So the final score was indeed 1-0, and it was the most intense pitcher’s duel I’ve seen in a very, very long time.  I mean, it was a real, old-fashioned pitcher’s duel.  It had to be when the final score is 1-0.  But it didn’t have to end the way it did.  Even if we would have lost eventually anyway, it didn’t have to be decided by something so humiliating as simply having lost the ball.  It was actually literally just horrifying.

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Yet again, we lost.  Yet again, it was crushing.  Yet again, the whole thing could have been neatly avoided.

Lester lasted only five innings.  He gave up four runs on six hits, but only one of those runs was earned, if you can believe it.  He walked one and struck out three using a total of 108 pitches, sixty-nine of which were strikes.

The Royals jumped out early; Lester began with a groundout and a strikeout but then allowed a walk that clearly should have been a strikeout as well as a single.  Byrd then made a fielding error that by itself allowed the three unearned runs: it caused Johnny Giavotella to reach, Jeff Francoeur to advance to third, Billy Butler to score, and then Francoeur and Giavotella to both score on a double by Brayan Pena.  Byrd dropped the ball, both literally and figuratively.  I’m serious.  That was the fielding error.  He just dropped it.  And Pena’s double was no less strange; it was in Ross’s glove, then as his momentum carried him back it got out of the glove and bounced against the wall, and then somehow got back into his glove without hitting the ground.  Words can not adequately express the frustration and humiliation that befell Red Sox Nation at the hands of Ross’s glove, or rather lack thereof.

Although our hitters didn’t make much of a splash in the first two innings, we answered Kansas City’s challenge in the third and tied it up.  Byrd, perhaps in an attempt to make up for his egregious mistake, began the inning with a single.  Sweeney then singled and, after Aviles flied out, Pedroia singled to load the bases.  Papi of all people then struck out of all things, but Gonzalez, continuing his journey out of his slump, smacked a bases-clearing double.  With one swing of the bat, the slate was clean once again.

We looked like we may have been poised to score more in the top of the fourth; Ross began it with a groundout, but then Salty doubled and Byrd got hit.  Two outs later, Kansas City was up at bat, and a double and sac bunt later, the winning run had scored.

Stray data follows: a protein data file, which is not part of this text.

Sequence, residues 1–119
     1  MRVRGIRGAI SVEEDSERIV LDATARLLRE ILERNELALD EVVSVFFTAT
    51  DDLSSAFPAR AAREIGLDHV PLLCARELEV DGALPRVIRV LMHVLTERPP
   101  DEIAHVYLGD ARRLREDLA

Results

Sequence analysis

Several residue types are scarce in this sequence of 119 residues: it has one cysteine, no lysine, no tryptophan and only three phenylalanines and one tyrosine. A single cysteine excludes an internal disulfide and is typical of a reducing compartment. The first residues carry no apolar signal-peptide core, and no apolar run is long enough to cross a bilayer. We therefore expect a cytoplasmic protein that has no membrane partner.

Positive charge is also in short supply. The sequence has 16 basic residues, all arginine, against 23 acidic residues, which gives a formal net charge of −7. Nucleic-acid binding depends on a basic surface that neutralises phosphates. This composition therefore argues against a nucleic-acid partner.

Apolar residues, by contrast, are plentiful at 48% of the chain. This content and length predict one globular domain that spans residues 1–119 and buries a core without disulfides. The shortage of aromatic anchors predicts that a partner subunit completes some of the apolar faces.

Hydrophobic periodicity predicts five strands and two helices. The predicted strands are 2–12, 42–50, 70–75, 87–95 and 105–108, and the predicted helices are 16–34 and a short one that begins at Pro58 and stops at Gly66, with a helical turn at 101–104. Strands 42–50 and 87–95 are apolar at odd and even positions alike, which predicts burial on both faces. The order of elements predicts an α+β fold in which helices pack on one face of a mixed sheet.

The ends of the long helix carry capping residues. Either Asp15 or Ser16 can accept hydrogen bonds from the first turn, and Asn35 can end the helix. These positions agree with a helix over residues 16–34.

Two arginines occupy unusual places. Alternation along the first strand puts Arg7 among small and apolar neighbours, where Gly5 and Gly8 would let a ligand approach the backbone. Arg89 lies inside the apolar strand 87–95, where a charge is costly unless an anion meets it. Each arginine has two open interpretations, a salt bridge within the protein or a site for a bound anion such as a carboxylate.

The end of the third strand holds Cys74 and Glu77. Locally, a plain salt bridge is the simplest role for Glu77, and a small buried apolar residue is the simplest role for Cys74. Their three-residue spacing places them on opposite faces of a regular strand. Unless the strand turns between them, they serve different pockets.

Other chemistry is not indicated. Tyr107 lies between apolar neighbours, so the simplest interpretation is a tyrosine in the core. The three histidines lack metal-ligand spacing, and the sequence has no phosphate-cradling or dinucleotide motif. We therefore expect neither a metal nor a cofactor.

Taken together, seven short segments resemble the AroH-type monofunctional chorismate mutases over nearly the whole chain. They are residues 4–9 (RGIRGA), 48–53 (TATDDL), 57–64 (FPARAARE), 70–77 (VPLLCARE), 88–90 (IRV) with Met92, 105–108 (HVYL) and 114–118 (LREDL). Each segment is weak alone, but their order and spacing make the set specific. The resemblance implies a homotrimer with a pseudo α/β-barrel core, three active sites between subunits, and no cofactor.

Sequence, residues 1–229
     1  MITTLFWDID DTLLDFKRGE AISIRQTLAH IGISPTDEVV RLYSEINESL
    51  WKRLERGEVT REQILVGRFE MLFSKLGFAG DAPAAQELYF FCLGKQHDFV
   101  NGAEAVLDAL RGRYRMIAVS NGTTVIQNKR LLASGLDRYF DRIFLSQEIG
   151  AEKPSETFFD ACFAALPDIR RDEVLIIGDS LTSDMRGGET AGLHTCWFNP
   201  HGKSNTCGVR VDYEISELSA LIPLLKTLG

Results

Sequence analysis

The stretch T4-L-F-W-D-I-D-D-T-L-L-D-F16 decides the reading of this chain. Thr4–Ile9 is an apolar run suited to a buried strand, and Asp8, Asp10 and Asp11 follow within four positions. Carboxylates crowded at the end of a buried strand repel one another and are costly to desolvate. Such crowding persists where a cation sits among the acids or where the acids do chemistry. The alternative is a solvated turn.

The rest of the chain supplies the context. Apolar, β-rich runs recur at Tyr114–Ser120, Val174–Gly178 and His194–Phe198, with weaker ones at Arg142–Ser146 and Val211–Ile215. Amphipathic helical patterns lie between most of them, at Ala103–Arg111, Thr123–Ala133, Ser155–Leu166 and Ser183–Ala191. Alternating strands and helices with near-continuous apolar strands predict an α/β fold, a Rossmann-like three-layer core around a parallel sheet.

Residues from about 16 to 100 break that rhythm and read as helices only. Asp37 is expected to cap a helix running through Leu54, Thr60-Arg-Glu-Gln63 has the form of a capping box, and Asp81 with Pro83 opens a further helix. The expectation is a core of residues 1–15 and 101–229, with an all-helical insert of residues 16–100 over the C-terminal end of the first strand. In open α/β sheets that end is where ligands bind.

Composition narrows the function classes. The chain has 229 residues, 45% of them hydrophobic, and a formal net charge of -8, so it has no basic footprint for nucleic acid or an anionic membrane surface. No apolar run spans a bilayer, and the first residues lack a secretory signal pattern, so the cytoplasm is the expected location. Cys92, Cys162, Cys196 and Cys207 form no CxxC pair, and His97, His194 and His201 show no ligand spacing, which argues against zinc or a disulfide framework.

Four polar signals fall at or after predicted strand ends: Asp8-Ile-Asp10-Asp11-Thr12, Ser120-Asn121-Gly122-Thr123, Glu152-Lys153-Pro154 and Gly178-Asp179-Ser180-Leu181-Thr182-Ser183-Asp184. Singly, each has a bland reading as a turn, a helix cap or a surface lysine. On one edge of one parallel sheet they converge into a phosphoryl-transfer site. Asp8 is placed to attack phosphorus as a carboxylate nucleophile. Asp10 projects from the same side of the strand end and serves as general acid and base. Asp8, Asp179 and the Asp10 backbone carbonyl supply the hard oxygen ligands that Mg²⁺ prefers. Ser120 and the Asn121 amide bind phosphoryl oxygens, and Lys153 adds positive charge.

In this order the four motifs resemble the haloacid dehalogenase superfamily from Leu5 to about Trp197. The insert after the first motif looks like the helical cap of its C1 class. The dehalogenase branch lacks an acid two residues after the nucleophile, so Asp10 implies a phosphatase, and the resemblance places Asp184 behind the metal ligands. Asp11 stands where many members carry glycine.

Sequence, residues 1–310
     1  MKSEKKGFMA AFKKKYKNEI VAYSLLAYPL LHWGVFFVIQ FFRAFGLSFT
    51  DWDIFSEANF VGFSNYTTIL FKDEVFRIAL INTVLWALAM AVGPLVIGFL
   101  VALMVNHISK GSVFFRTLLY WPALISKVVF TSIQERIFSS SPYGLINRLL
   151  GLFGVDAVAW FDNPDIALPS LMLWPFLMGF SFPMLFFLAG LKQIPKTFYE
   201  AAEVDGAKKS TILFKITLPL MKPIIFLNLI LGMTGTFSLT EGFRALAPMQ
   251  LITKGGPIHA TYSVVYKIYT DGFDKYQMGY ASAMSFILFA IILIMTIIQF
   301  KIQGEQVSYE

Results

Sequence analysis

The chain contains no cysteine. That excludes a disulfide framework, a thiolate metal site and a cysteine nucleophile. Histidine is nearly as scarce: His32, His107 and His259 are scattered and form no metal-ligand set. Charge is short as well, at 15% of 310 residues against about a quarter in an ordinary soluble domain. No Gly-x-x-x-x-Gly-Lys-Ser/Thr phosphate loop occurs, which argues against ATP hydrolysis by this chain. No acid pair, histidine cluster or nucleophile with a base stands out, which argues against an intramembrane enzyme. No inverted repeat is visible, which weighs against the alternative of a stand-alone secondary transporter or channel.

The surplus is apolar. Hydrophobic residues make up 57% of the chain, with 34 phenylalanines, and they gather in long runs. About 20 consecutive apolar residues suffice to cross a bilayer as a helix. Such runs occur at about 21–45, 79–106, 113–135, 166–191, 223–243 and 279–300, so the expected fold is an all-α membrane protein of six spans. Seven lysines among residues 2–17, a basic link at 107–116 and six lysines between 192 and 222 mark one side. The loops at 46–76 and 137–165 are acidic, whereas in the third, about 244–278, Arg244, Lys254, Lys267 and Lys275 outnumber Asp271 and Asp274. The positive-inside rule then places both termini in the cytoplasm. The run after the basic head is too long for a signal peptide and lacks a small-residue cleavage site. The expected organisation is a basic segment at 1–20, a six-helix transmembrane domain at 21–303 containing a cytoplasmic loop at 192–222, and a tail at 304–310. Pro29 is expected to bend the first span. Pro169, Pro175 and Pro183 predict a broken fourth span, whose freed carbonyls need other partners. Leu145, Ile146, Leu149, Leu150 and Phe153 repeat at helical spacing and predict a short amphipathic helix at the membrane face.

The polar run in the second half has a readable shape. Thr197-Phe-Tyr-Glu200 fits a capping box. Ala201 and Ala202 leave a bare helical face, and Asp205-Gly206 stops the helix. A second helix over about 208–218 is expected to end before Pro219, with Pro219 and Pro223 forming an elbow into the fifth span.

So Lester wasn’t as mediocre as his line would make him out to be, although he obviously wasn’t throwing his best stuff since he needed more than a hundred pitches to get through only five innings.  Still, he did seem to settle down as the game went on.  He retired the side in the fifth and was replaced by Mortensen in the sixth, when Mortensen did the same.

The only other time we came close to threatening was in the top of the ninth, when Ross, then replaced by pinch-runner McDonald, singled and Salty walked.  Both advanced a base on Byrd’s sac fly, which Bobby V. thought should have been ruled differently because he said that Byrd was hit on the finger.  He wanted home plate umpire Jeff Nelson to ask the opinion of first base umpire Tim Tschida.  Nelson refused on the grounds that Tschida would have been too far away to have an opinion at all.  And then Bobby V. went off about it after the game because Sweeney and Aviles provided two quick outs, and you never know what would have happened had the inning not been over.

Aviles had the team’s only multi-hit game with two hits.  Gonzalez’s double and Salty’s double were the only extra-base hits we hit all night.  Our batters didn’t pick up Ross’s slack, so we lost, 4-3.  Yup.  Ross dropped the ball.  You know it’s getting out of hand when the only thing tempering your frustration is your retrospective lack of surprise.